DC Comics to launch two kid-friendly graphic novel lines, Zoom and Ink

DC Comics TPBs on display

Updated on December 10, 2021

DC Comics announced last weekend that it’s planning to launch two new graphic novel imprints aimed at younger readers: “DC Zoom” and “DC Ink.” Zoom will be aimed at elementary-to-middle-school readers, while Ink is for young adults.

Zoom (as well as Ink) will launch this fall with “Search For Atlantis,” the latest graphic novel in DC’s successful “Super Hero Girls” line of books.

DC Comics’ current downsides for kids

As I’ve written before, the main growth in the comics landscape is coming both from children’s graphic novels and, well, bookstore graphic novel sales period. Graphic novels supposedly sell well at Scholastic book sales in schools.

There’s also that newer readers are more interested in reading comics digitally or in graphic novel format, not as traditional paper floppies. While traditional readers will hold the 22-page pamphlet comic with nostalgia, they’re probably not the best way to attract new readers. They’re too expensive, aren’t designed for modern Big Two-style storytelling, and aren’t as convenient or easy to store like, well, regular books.

Throw in as well that DC’s core superhero comics are as kid-unfriendly as they get. The top two best-selling superhero trades last year in bookstores (according to Bookscan/ICv2) were “The Killing Joke” and “Watchmen.” Some fans apparently can’t get enough of, um, a story written when Ronald Reagan was president about a clown torturing and assaulting a naked woman he’s shot in the spine. However, that’s not exactly a way to lure in future young readers.

Why Zoom and Ink are good things

Date With Disaster
Art by Yancey Labat.

Zoom and Ink address the above downsides, while playing up what’s currently successful in the graphic novel marketplace:

  • They feature all-ages, kid-friendly versions of DC’s popular characters. I’ve read some people fearing kids might be disappointed these aren’t the “real” versions of the characters. However, I’d argue kids won’t care about that; as far as they’re concerned, stuff like CW’s superhero shows or “Teen Titans” are the “real” versions. Or at least, just as legitimate as the core DCU comics.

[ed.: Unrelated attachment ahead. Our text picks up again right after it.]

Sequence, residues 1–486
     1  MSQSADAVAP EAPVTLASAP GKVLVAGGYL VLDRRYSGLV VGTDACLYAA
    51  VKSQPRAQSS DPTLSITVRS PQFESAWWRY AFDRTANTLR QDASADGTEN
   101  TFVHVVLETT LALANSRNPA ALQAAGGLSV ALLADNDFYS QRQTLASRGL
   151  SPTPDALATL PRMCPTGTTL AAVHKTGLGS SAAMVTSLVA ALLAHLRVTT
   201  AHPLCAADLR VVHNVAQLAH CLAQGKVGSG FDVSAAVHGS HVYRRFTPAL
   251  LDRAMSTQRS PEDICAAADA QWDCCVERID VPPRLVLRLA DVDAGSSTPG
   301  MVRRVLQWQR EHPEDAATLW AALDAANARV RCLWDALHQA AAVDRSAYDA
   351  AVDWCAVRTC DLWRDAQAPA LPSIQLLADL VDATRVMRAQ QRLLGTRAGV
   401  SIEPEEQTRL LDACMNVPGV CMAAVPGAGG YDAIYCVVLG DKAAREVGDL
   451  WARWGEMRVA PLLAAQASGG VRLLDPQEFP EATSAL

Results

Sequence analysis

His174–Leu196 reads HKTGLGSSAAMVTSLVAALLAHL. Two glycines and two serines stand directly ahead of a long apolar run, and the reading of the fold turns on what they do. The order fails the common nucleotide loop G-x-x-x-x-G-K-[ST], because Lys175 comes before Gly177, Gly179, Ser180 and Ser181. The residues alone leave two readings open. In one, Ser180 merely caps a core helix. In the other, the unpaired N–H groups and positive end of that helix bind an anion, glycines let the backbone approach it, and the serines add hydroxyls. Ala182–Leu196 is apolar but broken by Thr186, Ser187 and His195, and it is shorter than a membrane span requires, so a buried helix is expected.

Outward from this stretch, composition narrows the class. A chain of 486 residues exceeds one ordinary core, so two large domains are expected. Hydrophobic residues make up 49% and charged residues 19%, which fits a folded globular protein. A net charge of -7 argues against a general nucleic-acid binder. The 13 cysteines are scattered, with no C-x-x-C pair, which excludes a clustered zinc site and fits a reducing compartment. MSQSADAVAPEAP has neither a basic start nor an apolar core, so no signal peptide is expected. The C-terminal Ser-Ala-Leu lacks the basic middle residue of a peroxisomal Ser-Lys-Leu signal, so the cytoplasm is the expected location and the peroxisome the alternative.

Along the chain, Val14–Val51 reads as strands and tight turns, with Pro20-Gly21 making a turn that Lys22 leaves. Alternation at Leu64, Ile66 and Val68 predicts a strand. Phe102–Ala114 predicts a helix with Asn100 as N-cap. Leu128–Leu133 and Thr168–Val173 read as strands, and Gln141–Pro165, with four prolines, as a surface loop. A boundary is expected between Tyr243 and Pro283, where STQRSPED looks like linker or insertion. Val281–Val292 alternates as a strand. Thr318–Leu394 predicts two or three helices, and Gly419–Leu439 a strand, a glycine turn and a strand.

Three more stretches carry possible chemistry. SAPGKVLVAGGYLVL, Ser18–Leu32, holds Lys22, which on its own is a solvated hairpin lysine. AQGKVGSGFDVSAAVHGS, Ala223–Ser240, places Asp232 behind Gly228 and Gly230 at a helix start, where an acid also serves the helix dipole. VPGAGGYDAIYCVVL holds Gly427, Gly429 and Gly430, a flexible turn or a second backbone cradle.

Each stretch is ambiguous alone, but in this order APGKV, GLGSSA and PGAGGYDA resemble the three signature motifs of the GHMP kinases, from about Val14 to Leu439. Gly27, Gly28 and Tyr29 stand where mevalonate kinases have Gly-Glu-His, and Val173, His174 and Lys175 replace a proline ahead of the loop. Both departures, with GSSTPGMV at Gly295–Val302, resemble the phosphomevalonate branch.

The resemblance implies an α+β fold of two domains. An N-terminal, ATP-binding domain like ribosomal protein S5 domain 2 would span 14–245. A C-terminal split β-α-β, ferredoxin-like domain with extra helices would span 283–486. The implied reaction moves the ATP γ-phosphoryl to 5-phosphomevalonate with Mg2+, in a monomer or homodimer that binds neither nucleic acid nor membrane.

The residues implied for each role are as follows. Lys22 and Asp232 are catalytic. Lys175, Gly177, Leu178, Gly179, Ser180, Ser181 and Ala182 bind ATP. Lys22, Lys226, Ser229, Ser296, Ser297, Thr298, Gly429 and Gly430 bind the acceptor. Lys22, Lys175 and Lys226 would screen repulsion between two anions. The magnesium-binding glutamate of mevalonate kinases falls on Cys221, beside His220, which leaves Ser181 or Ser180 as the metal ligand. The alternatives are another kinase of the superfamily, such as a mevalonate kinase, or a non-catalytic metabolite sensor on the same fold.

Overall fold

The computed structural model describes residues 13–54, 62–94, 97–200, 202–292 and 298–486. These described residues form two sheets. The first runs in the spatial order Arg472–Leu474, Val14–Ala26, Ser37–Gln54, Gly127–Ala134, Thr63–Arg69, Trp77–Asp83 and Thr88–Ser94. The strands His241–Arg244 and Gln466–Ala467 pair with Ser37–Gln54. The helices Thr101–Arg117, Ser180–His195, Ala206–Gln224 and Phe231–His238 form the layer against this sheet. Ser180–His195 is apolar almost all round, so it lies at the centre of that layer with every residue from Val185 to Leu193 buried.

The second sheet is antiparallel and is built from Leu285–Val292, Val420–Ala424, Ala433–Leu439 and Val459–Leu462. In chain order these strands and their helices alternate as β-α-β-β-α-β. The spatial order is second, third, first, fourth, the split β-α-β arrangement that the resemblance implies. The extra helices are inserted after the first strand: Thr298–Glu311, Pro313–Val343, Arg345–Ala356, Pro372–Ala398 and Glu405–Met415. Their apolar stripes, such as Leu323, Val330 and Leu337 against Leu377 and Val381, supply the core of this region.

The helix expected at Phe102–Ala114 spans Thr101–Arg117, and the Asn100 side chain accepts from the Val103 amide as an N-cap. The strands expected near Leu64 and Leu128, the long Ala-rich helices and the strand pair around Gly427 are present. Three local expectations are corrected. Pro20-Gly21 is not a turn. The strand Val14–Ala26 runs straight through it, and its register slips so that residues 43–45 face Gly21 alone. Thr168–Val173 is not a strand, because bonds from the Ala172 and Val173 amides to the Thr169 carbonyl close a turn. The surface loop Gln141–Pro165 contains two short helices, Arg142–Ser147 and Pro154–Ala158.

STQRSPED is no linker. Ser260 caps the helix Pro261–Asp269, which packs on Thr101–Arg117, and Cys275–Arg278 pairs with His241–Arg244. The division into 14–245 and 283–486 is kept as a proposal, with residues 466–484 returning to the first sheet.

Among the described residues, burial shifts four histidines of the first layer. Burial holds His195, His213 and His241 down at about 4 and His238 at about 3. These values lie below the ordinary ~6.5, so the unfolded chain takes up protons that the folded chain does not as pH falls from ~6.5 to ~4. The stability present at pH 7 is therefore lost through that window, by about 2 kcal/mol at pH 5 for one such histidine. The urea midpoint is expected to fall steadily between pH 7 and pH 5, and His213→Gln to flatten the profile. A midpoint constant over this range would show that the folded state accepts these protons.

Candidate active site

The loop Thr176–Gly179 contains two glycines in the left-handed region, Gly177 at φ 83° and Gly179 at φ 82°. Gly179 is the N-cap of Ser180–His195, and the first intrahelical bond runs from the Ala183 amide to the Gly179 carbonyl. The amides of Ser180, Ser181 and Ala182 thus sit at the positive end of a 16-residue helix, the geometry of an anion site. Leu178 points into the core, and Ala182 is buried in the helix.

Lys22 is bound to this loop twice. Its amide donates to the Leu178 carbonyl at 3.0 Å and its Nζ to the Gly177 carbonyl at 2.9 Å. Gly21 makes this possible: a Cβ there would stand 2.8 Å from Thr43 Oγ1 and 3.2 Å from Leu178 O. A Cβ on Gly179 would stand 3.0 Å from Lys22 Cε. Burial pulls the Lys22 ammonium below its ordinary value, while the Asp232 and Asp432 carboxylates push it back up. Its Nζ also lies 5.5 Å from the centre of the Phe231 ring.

• Graphic novels appeal to younger readers more than traditional single-issue comics. They’re also much easier to find at libraries, conventional bookstores, etc.
  • Zoom and Ink feature a sizable number of women superheroes, including Catwoman, Mera, and Supergirl.
  • Zoom and Ink greatly expand DC’s kids’ offerings beyond the current few floppy books they now offer kids: “Looney Tunes,” “Scooby-Doo, Where Are You?,” “Scooby-Doo Team-Up,” and “Teen Titans Go.”
  • Finally, it makes logical business sense. Why not expand into a profitable growth area? Plus, trying to milk existing fans via expensive variant covers, events, twice-a-month-shipping titles, etc. doesn’t seem good long-term.

Other comments

DC Ink "Teen Titans"
Art by Gabriel Picolo.

DC has a press release listing all of the upcoming Zoom and Ink titles.

It looks like they’re folding “DC Super Hero Girls” into the Zoom imprint, versus standing alone as its own series.

Among the new books is a “Super Sons” title. That suggests Damian Wayne and Jon Kent (the current Robin and Superboy) aren’t going anywhere in the “mainstream” DCU books. DC apparently now considers them viable characters to use in other media.

Gene Yang is writing “Superman Smashes the Klan.” It’s presumably based on the 40s Superman radio show’s famous storyline where Superman tackled a very similar hate group.

Overall, it’s a good thing DC’s launching these lines. Hopefully Zoom and Ink will be successes.

Photo by tunechick83 (Pixabay)

Anthony Dean

Anthony Dean is the owner of Diverse Tech Geek and Diverse Media Notes.

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